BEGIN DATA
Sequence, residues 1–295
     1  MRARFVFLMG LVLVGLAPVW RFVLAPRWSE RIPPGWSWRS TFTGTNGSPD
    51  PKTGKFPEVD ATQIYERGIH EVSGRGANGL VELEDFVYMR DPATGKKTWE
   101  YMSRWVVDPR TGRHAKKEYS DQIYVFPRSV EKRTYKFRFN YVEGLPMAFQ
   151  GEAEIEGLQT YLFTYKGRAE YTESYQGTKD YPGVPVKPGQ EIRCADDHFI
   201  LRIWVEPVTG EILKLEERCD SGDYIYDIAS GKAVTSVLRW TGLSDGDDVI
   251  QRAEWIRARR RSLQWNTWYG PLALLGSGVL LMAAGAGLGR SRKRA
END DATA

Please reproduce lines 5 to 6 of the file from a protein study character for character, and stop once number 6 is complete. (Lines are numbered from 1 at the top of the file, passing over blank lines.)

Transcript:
   151  GEAEIEGLQT YLFTYKGRAE YTESYQGTKD YPGVPVKPGQ EIRCADDHFI
   201  LRIWVEPVTG EILKLEERCD SGDYIYDIAS GKAVTSVLRW TGLSDGDDVI